Pain Management
Acetaminophen
Burns
Pain
Morphine
Anxiety
Parents
Nurses
Pediatrics
Serum

Keywords

  • Acetaminophen
  • adolescents
  • background pain
  • burn
  • children
  • morphine

ASJC Scopus subject areas

  • Anesthesiology and Pain Medicine
  • Clinical Neurology
  • Neurology
  • Nursing(all)

Cite this

Meyer, W., Nichols, R. J., Cortiella, J., Villarreal, C., Marvin, J. A., Blakeney, P. E., & Herndon, D. (1997). Acetaminophen in the management of background pain in children post-burn. Journal of Pain and Symptom Management, 13(1), 50-55. https://doi.org/10.1016/S0885-3924(96)00201-1

Acetaminophen in the management of background pain in children post-burn. / Meyer, Walter; Nichols, Ray J.; Cortiella, Joaquin; Villarreal, Cynthia; Marvin, Janet A.; Blakeney, Patricia E.; Herndon, David.

In: Journal of Pain and Symptom Management, Vol. 13, No. 1, 01.1997, p. 50-55.

Research output: Contribution to journalArticle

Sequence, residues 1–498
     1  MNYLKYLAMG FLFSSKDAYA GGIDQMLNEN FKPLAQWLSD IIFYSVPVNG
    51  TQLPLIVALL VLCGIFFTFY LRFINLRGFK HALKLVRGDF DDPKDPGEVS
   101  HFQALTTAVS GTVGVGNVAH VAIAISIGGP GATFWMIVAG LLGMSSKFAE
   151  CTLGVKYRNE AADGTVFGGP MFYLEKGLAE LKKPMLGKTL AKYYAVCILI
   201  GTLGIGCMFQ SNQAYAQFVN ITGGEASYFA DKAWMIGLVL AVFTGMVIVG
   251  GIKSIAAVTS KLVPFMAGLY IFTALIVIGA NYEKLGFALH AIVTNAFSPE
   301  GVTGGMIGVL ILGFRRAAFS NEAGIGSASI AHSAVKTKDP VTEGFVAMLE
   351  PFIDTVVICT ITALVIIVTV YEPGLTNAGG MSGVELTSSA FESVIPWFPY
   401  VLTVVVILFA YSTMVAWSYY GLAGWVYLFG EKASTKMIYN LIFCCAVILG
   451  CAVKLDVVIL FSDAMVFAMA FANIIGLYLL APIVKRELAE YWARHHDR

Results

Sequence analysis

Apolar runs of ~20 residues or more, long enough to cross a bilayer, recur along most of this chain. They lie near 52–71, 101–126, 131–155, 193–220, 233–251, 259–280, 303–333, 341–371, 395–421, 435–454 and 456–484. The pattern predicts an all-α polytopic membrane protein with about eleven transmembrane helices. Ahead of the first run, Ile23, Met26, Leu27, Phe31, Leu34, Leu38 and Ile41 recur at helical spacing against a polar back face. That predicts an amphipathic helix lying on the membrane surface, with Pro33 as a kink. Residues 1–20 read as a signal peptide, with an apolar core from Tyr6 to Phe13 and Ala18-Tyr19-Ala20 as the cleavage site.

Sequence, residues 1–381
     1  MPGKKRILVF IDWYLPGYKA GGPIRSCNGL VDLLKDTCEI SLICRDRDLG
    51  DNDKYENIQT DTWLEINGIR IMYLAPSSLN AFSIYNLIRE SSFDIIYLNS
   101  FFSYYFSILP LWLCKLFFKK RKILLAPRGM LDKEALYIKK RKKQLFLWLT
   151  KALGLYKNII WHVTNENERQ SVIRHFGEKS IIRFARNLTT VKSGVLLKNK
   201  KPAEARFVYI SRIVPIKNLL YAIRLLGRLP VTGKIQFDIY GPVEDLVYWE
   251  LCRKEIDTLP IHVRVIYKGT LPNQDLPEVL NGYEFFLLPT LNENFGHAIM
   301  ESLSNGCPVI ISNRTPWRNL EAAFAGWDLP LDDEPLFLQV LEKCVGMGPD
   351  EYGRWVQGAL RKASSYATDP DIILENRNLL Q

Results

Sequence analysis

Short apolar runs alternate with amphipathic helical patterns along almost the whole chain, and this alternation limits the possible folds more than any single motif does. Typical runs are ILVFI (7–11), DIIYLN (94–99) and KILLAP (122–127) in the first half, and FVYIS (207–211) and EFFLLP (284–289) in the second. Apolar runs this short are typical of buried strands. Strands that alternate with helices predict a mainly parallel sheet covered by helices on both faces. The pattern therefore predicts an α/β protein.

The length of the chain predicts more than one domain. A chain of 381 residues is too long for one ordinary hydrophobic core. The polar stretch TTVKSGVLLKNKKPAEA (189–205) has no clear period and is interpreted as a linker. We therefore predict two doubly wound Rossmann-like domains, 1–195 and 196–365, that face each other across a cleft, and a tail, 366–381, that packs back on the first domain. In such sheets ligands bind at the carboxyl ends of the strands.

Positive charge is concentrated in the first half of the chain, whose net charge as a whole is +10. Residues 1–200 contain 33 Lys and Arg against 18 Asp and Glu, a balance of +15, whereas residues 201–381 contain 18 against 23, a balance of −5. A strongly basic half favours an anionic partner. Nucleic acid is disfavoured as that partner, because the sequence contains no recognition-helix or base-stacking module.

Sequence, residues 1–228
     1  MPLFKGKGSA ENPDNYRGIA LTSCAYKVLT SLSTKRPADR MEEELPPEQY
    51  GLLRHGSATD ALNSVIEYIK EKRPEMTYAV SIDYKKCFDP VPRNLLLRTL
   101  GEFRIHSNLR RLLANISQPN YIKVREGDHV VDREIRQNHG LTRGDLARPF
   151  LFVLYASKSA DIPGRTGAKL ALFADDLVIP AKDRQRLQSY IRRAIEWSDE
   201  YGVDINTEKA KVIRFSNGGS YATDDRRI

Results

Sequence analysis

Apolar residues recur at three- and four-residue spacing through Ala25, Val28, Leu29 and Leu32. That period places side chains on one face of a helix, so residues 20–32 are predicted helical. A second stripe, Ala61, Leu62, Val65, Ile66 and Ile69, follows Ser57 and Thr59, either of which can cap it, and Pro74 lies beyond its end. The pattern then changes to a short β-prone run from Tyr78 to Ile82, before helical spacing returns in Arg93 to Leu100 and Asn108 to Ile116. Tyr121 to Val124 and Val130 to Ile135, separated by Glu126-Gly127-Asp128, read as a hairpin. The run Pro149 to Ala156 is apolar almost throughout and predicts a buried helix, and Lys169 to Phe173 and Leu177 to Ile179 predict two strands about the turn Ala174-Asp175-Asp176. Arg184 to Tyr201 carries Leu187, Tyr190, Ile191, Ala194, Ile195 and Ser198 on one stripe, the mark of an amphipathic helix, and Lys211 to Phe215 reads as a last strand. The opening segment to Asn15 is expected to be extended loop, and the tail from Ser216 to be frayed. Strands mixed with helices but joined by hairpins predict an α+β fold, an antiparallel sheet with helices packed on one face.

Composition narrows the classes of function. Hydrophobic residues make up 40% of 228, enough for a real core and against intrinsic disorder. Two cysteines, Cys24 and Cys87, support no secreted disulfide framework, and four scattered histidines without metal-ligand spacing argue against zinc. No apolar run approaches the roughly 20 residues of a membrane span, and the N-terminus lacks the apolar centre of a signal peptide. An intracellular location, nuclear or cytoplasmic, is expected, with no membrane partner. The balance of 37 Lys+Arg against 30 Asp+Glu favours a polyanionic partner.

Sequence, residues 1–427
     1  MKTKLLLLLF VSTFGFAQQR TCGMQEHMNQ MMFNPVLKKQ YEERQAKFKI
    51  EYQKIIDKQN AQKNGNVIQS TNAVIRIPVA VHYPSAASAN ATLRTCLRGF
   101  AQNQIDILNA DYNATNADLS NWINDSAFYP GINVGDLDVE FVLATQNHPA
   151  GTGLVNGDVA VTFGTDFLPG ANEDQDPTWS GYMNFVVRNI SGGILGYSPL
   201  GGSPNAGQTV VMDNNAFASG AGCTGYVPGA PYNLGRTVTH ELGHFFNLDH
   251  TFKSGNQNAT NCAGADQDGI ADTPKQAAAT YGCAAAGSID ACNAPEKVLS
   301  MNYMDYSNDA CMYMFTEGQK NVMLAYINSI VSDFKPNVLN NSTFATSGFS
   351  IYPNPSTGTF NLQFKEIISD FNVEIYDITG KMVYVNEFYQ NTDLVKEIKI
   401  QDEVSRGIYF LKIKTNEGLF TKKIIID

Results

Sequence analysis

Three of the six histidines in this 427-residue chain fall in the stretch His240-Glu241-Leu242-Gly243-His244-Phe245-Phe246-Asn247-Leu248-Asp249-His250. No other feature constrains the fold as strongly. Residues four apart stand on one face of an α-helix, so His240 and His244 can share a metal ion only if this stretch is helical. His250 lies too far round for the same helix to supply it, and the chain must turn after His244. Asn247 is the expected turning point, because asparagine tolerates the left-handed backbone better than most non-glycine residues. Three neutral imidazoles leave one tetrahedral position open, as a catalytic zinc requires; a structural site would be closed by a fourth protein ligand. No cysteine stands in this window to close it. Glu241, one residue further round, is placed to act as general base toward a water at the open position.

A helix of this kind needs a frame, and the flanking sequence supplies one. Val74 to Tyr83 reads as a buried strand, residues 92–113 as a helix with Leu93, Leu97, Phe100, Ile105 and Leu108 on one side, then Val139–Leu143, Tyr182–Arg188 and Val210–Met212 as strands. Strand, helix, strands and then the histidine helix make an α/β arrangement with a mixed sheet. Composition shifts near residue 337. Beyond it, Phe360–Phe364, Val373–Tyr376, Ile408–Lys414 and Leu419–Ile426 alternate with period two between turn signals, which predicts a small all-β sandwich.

Meyer, W, Nichols, RJ, Cortiella, J, Villarreal, C, Marvin, JA, Blakeney, PE & Herndon, D 1997, 'Acetaminophen in the management of background pain in children post-burn', Journal of Pain and Symptom Management, vol. 13, no. 1, pp. 50-55. https://doi.org/10.1016/S0885-3924(96)00201-1
Meyer, Walter ; Nichols, Ray J. ; Cortiella, Joaquin ; Villarreal, Cynthia ; Marvin, Janet A. ; Blakeney, Patricia E. ; Herndon, David. / Acetaminophen in the management of background pain in children post-burn. In: Journal of Pain and Symptom Management. 1997 ; Vol. 13, No. 1. pp. 50-55.
@article{530f1492eb464063b3c1847a302928b5,